Last update: March 27th, 2006
A bottleneck resource is a resource which average capacity is just equal to or below market needs. Conversely, resources having average capacities exceeding the market needs, are non-bottlenecks.
Rule nº2 of theory of constraints quotes: "Any time lost on a bottleneck is wasted for the whole system". In consequence, all attention must be paid to bottlenecks, deserving favored care.
Such a precious resource like a bottleneck must have its activity maximized, because it determines directly the results for the whole process. This maximization can be achieved through:
TPM gives also a precious indicator for performance assessment, follow-up and improvement of this resource, namely OEE, Overall Equipment Effectiveness.
The bottleneck is the key part of a process, which performance is directly related to the bottleneck's. Apart from bottleneck's performance itself, the links to up and down stream resources must be managed as well, because linked non-bottlenecks resourecs can affect the bottleneck.
The ideal situation is to have the bottleneck always fed, protected from shortages with a buffer inventory in front of it.
The most embarassing situation would be a bottleneck stopped because of feeding shortage while upstream resources all have excess capacities.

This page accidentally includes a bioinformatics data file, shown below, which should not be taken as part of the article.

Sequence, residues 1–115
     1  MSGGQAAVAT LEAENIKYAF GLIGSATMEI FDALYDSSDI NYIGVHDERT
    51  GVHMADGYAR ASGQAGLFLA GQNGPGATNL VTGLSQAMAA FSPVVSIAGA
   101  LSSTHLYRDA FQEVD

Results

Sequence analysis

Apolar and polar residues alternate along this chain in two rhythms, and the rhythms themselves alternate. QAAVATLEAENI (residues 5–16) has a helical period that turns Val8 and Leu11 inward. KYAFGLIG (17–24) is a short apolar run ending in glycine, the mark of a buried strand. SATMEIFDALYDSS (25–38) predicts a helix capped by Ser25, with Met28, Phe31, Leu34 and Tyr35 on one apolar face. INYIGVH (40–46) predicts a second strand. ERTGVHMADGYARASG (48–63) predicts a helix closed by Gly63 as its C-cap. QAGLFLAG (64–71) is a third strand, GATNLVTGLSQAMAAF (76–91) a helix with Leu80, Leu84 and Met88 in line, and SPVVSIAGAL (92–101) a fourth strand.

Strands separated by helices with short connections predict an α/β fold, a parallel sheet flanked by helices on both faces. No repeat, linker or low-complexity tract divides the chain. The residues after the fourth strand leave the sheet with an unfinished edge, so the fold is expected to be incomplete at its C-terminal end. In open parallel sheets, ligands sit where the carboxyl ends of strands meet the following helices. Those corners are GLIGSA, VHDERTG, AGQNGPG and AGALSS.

The ToC rules teach us the time wasted on a bottleneck can never be recovered, for the simple reason that if any spare time would remain, by overtime work or extra shifts, the bottleneck would not really be a bottleneck!
If prevention of feeding shortage is usually well done, the downstream link is sometimes neglected.
In such a case, an other embarassing situation occurs; bottleneck is availlable and fed, but cannot work because blocked by saturation! This situation is even more embarassing that downstream process has excess capacity.
Such blocking situations related to downstream links can be found in automated conveyor links between machines, where safety devices stop the machines if unloading or transportation isn't possible.
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